One day last September, Martin Jr. and associate head coach Jamey Shouppe approached Martin and said, 'Let's try Buster behind the plate.'"
"I thought they were kidding," Martin said. "We went out there and watched him take five balls from the machine and I said, 'My gosh, this guy looks like he's been catching all his life.' The rest is history."
At first, Posey wasn't exactly comfortable with the position -- literally.
Last season, he would watch TV crouched like a catcher to help stretch his hips and get his body used to the alignment. He also had to get used to using his body to stop the ball in the dirt instead of trying to catch it.
"There's some good and bad about starting as late as I did," Posey said. "The good being I didn't have any bad habits from little league. The bad is I did have to learn a lot to catch up."
Not that anyone could tell.
In his first season behind the plate, Posey threw out 40.9 percent of potential base stealers and had a .994 fielding percentage. As a sophomore, he was the youngest finalist in the history of the Johnny Bench Award, which is given to the top catcher in the nation.
And all the while, he's kept his grades up -- way up.
Posey, a finance major, was named to the President's List last spring for his 4.0 GPA, and made the Dean's List in the fall of 2005 and 2007.
What else does Posey do besides play baseball?
"School? There's nothing else to do, is there?" he said with a straight face. "Baseball and school, that's about all I do. That's about it, but I wouldn't have it any other way. I enjoy it, I really do. You have to."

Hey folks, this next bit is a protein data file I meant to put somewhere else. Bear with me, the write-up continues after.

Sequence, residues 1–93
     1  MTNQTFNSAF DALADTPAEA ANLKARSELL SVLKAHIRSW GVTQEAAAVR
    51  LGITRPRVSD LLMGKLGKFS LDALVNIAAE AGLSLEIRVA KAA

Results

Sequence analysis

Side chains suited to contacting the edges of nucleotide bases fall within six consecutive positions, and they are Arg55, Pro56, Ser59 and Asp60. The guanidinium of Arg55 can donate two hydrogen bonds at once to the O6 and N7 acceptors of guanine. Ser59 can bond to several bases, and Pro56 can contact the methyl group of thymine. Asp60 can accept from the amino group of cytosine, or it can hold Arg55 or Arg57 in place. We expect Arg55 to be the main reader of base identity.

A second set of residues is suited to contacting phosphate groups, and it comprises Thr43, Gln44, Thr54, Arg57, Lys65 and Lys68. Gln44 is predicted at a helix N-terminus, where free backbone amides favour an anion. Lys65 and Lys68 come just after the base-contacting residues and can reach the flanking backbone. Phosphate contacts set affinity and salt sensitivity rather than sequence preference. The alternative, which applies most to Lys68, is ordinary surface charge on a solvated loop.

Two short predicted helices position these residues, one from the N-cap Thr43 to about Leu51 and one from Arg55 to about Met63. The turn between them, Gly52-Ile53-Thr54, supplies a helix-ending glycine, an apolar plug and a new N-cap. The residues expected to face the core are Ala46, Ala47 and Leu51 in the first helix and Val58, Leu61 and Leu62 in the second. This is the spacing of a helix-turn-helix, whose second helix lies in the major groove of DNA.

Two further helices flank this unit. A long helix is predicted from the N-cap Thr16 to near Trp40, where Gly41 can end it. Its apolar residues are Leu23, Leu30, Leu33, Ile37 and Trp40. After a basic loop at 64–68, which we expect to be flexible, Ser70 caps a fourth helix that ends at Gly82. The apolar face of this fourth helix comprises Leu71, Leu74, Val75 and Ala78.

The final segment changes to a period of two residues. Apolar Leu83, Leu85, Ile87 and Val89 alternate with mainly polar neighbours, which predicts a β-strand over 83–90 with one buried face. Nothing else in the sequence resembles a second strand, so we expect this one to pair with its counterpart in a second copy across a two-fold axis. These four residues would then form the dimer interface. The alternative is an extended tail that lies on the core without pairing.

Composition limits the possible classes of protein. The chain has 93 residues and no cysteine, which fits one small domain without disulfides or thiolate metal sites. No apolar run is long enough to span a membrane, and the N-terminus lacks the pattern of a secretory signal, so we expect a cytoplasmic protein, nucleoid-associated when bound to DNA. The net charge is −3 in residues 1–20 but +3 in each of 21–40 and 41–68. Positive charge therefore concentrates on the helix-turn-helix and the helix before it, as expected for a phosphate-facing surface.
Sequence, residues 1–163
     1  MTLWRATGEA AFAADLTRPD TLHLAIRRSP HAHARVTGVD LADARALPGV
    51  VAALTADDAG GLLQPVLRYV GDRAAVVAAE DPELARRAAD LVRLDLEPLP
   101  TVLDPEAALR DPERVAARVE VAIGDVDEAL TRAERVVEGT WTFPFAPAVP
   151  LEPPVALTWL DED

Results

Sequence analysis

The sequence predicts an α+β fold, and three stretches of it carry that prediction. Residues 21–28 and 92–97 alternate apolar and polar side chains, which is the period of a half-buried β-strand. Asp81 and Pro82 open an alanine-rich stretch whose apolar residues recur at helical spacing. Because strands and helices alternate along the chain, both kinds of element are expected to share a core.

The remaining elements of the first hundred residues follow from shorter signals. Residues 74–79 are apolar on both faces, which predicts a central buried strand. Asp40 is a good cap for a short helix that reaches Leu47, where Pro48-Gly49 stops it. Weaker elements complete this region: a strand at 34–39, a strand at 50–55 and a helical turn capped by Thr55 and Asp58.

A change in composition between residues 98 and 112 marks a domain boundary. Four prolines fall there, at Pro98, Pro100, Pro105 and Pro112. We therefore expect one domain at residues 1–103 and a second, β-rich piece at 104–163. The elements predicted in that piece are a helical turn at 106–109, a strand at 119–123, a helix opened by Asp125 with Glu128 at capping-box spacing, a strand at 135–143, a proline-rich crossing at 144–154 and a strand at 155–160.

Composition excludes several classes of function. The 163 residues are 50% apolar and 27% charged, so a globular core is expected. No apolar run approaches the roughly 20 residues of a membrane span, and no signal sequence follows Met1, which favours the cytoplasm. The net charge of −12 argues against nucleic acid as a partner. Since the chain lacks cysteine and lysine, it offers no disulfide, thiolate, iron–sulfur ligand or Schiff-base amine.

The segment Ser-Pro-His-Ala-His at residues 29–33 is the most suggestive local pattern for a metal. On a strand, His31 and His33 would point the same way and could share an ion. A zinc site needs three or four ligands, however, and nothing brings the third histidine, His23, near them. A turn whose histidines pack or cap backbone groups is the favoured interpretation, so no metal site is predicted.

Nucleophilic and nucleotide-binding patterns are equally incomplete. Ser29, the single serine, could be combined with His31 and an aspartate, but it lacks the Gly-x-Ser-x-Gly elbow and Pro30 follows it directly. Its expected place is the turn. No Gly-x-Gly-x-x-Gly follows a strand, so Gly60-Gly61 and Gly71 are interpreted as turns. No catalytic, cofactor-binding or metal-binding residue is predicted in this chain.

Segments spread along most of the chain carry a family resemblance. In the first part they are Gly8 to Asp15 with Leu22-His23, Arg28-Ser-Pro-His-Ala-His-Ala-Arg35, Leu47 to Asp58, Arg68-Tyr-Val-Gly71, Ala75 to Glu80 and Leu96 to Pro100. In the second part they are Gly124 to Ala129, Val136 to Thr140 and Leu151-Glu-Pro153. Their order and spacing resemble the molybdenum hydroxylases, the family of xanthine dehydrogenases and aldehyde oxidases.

Offensively, Posey leads the ACC in four categories, including batting average (.469), runs scored (47), total bases (112), and slugging percentage (.862). He was recently named the ACC's player of the week for his .625 batting average, team-high 10 hits and two home runs.
It's no coincidence the defending Atlantic Division champs started out 12-0 and are currently in the midst of a nine-game winning streak.
"We're off to obviously a surprising start," Martin said. "I never dreamed we would be where we are right now, but Buster Posey has played a big role in that."
Jack Posey, a freshman infielder and designated hitter at FSU, said he never expected to see his older brother behind the plate.
"Not coming out of high school," he said. "That was a big surprise. He's always been able to just take stuff in stride and do the best at it."
Jack Posey has started 10 games, but isn't at the same level as his brother -- yet. That hasn't been a point of contention in their relationship. In fact, Jack loves watching Buster excel. They share the same memory of their high school state championship game -- the last time they played on the same roster. Jack watched as Buster, the leadoff batter, hit a home run on the first pitch, against one of the top pitchers in the state.
"It's a great feeling," Jack said. "It doesn't get old at all."
"Playing together on the same college team," Buster Posey said, "that's always going to be a very special memory."
The question now is how quickly it will become one.
Heather Dinich is a college sports writer for ESPN.com. Send your questions and comments to Heather at firstname.lastname@example.org.